English Proficiency Exams for Students

By Jennifer J | Monday, August 15, 2022

Students from non-native English-speaking countries typically need proof of English language proficiency if they wish to study in a native English-speaking country. Globally, these two tests are very popular: IELTS (International English Language Testing System) and TOEFL (Test of English as a Foreign Language).

Here is a comprehensive review of the two tests:

TOFEL iBT( Internet Based test)


The total testing time for this exam is 3 hours. There are four sections: reading, listening, speaking, and writing, with a 10 minute break between listening and speaking.

  1. Reading Section:

The reading section has 3-4 passages with 30-40 questions with a maximum time of 54-72 minutes depending on the number of passages. If the section has 4 passages, then one passage is not scored and instead used to standardize the test scores by the Educational Testing Service (ETS).

The questions can be done in any order and students can jump from one passage to another. One unique feature of the reading section is that the questions for a passage follow an order. For example, if Question 1 refers to passage 2, then Question 3 cannot be from passage 1.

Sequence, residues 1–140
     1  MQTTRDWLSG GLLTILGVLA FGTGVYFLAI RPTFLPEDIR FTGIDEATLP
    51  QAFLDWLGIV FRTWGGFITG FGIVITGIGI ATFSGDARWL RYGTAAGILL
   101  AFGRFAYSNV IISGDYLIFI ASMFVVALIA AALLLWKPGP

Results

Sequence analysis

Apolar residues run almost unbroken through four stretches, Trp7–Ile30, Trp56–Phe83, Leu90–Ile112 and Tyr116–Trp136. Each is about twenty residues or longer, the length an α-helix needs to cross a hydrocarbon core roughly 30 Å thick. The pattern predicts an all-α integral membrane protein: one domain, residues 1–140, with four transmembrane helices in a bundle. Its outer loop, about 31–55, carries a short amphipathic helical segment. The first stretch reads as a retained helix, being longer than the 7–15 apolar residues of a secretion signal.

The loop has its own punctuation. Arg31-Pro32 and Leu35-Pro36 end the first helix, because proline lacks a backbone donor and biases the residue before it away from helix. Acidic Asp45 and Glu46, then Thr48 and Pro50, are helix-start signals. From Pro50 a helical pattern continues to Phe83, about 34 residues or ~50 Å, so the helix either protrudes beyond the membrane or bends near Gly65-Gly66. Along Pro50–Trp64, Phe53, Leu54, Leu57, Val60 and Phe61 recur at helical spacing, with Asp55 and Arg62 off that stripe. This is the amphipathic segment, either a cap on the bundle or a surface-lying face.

Question Patterns

So what types of questions can be expected?

All of the questions are multiple-choice usually with 4 answer choices. The question types include:

  • Factual information: These are straightforward questions that test your ability to recognize textual information such as the major ideas, definitions, etc.
  • Inference and Rhetorical: These questions test your ability to comprehend information not explicitly stated in the reading passage.
  • Vocabulary: These questions will ask you to identify the meanings of words and phrases given in the passage.
  • Sentence Simplification: Students will need to correctly identify a sentence that carries the same idea or meaning as a sentence from the passage.
  • Insert text: One of the questions per passage will have an insert test question. This question tests your understanding of the order of the sentences presented in the reading passage.
  • Prose Summary: Asks students to summarize the major ideas in a reading passage. There will be 6 answer choices instead of 4, and asks to select the 3 correct choices that express the most important ideas in the passage.

There are no strict time restrictions to do an individual question, so keeping track of time to ensure you finish all of the questions in the section is key.

  1. Listening Section:

Unlike the reading section, students are allowed to take notes while listening to the audio clip, and can use those notes to answer the questions that come after the clip. The recording will only be played once and will have accents from North America, the U.K., New Zealand, or Australia. There are again no strict time restrictions to do individual questions, but keep in mind there is an overall time limit for the section. You will answer 28-39 questions within 41-57 minutes. Students are not allowed to go back and forth between questions. Once you have answered a question, the next one shows up.